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I haven't tried it, but I read somewhere (on here, I think) that Oriental restaurants marinate their meat in milk to make it tender for the stir-fries.
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Old 01-15-2012, 09:54 AM   #6
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I made a stir-fry the other day. I just buy a pack of assorted stew meat pieces to cut up small and it works out great. I know it's kind of a gamble because you don't know what cuts they're from, but I swear by it. It kinda goes along with the original spirit of the dish, which I believe is to use up leftover scraps of meat.

I cut them up really thin (sometime I just end up with little fragments of meat) and marinate them in this Korean barbeque sauce which is mostly chilis, vinegar, and a little sugar. I think the vinegar is key because I think acidity tenderizes meat. When I stir-fry it, I cook the meat on its own, just until it's done and no more, allowing for the little bit of additional cooking that goes on after you take them off.
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Old 01-15-2012, 10:01 AM   #7
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I haven't tried it, but I read somewhere (on here, I think) that Oriental restaurants marinate their meat in milk to make it tender for the stir-fries.
Not in milk - or at least not that I've heard of- but many use a process called "velveting" that involves dredging the meat in corn starch or soaking in soy sauce and corn starch blend that helps keep the meat from toughening when being fried over high heat. I use a lot of cheap cuts of meat (eye of round, for example) when making stir fry and the velveting helps keep it tender.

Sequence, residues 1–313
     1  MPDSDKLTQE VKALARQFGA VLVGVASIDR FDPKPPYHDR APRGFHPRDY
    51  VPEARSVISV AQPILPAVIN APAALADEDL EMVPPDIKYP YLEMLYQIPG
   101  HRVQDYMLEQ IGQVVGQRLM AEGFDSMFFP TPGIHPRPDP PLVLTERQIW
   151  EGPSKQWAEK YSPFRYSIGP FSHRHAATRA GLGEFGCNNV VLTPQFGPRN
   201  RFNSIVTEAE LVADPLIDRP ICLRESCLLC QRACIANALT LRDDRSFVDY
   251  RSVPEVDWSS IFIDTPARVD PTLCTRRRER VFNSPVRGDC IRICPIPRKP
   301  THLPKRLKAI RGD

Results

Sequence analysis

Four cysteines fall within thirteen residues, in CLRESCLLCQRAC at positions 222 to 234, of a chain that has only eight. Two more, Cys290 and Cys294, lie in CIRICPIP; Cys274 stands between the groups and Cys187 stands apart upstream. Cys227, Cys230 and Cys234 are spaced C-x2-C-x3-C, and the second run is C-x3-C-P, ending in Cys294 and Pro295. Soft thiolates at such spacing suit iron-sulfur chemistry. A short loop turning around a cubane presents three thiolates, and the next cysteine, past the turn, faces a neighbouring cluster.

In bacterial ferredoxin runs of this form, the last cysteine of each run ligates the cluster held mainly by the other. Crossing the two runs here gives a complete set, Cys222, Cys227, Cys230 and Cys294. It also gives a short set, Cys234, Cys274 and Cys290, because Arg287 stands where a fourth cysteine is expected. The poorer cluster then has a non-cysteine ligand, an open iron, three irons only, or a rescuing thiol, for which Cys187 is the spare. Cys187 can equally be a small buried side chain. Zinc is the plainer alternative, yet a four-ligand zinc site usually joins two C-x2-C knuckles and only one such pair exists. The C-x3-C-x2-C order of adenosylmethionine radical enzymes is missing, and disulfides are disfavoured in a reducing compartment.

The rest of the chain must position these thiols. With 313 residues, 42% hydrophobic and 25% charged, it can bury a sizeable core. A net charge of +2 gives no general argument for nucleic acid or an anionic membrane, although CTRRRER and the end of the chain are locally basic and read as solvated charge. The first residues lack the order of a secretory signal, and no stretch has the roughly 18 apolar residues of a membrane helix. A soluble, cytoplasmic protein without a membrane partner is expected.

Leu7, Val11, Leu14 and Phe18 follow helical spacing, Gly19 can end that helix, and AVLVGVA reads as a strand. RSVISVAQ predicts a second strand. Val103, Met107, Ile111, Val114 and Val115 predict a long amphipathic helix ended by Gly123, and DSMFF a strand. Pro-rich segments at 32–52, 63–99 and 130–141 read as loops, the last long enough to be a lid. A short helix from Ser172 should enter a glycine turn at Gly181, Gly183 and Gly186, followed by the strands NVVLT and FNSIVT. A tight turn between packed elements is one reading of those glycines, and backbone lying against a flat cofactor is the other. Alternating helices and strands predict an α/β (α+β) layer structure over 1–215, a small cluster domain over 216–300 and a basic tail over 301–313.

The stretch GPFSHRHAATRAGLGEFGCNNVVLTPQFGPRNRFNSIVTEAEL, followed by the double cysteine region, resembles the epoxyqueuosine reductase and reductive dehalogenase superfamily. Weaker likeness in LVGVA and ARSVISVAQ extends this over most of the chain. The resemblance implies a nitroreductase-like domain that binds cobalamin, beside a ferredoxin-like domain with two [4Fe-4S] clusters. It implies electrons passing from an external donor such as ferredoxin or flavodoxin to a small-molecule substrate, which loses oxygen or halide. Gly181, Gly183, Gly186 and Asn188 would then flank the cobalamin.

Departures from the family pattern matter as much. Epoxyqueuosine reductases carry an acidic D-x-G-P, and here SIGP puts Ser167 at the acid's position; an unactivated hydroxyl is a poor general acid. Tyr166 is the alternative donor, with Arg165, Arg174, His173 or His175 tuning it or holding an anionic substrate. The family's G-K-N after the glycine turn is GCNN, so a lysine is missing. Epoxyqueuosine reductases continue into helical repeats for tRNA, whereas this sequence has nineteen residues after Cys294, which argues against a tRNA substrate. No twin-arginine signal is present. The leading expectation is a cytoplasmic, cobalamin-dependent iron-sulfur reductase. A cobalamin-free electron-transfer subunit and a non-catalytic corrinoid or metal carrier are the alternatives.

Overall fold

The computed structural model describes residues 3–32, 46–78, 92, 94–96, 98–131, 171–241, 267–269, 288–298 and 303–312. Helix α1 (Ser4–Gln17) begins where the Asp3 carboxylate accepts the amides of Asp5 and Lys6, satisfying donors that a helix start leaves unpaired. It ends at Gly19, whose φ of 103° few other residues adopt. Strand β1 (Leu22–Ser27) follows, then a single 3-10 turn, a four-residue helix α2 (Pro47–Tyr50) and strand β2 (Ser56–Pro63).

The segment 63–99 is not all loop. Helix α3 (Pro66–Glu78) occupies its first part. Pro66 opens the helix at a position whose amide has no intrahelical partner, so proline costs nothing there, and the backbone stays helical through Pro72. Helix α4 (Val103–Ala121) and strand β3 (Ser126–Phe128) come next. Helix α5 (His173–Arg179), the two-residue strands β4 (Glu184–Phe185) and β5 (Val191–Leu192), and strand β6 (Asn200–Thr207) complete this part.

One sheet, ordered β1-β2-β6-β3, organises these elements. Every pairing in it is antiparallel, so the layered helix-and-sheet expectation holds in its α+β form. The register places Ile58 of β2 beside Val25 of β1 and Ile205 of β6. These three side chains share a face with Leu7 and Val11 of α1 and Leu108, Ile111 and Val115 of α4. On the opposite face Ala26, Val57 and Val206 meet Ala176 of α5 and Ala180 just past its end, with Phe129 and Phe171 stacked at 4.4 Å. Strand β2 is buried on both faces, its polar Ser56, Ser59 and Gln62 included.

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Old 01-15-2012, 11:42 AM   #8
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For the roulades, you don't need to cut against the grain. You should roll them with the grain the long way. That way you will cut against the grain when you slice it when it's done. (Or if they are little, individual ones, when they are cut into mouthfuls on the plate.)

For stroganoff, I like to use bits of beef tenderloin that aren't really suitable for other food, e.g., the pointy bit at the tip end, and the "butt".

For stir fry, I would do as Steve suggests: velveting. I just learned about this recently and I know I have eaten meat done that way. It is tender. I gotta try this out soon.
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Old 01-15-2012, 12:09 PM   #9
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Just a note on milk and meat, in the Bolonaise Sauce that I do, the recipe calls to cook the meat {beef, pork & veal combo} in milk before adding all the other ingredients. This does act as a tenderizer for ground proteins, something to do with the enzymes in the milk.
Sorry for the highjack.
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Old 01-15-2012, 01:18 PM   #10
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Originally Posted by giggler View Post
I like beef stir fry, beef stroganoff...

2. Am I cutting it wrong? This whole "across the grain" thing eludes me..

3. Is my cooking time wrong? I can't really picture any of these dishes being served Rare..

maybe I should cook them longer until the meat gets Tender?
Cross the grain is correct. Whatever direction you can tear the meat in, that's the grain: cut 90 degres across that, when possible.

You didn't say what your cooking time is. I use filet mignon for my Beef Stroganoff, thinly sliced (about 1/8"). It's fully cooked in about 60-120 seconds.

Some may disagree with my choice of filet mignon. It is the most tender cut or one of the most tender cuts, and thinly sliced it cooks in little more than an instant, as I stated above.

Cooking thin slices longer will make them tough. If you want to tenderize meat with long cooking times you need thick cuts and braising.


My guess is that you're cooking your meat too long.